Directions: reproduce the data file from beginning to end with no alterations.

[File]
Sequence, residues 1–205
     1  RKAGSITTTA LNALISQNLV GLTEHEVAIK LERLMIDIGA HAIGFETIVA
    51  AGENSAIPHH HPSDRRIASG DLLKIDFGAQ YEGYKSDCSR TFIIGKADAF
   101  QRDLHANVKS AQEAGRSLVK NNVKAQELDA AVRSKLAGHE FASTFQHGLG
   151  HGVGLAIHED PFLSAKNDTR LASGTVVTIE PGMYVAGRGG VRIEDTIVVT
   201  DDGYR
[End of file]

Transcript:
Sequence, residues 1–205
     1  RKAGSITTTA LNALISQNLV GLTEHEVAIK LERLMIDIGA HAIGFETIVA
    51  AGENSAIPHH HPSDRRIASG DLLKIDFGAQ YEGYKSDCSR TFIIGKADAF
   101  QRDLHANVKS AQEAGRSLVK NNVKAQELDA AVRSKLAGHE FASTFQHGLG
   151  HGVGLAIHED PFLSAKNDTR LASGTVVTIE PGMYVAGRGG VRIEDTIVVT
   201  DDGYR